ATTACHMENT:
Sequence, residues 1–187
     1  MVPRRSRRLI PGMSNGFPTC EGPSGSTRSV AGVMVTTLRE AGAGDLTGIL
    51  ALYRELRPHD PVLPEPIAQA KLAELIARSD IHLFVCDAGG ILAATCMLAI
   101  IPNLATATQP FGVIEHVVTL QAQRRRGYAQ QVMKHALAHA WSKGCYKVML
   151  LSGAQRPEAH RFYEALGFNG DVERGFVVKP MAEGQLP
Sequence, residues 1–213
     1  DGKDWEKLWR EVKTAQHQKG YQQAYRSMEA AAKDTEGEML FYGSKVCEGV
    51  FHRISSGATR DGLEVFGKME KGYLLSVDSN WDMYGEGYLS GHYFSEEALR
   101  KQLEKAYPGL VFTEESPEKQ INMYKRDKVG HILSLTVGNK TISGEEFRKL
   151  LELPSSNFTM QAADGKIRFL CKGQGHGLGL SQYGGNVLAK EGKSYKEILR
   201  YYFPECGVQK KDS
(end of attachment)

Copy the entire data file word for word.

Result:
Sequence, residues 1–187
     1  MVPRRSRRLI PGMSNGFPTC EGPSGSTRSV AGVMVTTLRE AGAGDLTGIL
    51  ALYRELRPHD PVLPEPIAQA KLAELIARSD IHLFVCDAGG ILAATCMLAI
   101  IPNLATATQP FGVIEHVVTL QAQRRRGYAQ QVMKHALAHA WSKGCYKVML
   151  LSGAQRPEAH RFYEALGFNG DVERGFVVKP MAEGQLP
Sequence, residues 1–213
     1  DGKDWEKLWR EVKTAQHQKG YQQAYRSMEA AAKDTEGEML FYGSKVCEGV
    51  FHRISSGATR DGLEVFGKME KGYLLSVDSN WDMYGEGYLS GHYFSEEALR
   101  KQLEKAYPGL VFTEESPEKQ INMYKRDKVG HILSLTVGNK TISGEEFRKL
   151  LELPSSNFTM QAADGKIRFL CKGQGHGLGL SQYGGNVLAK EGKSYKEILR
   201  YYFPECGVQK KDS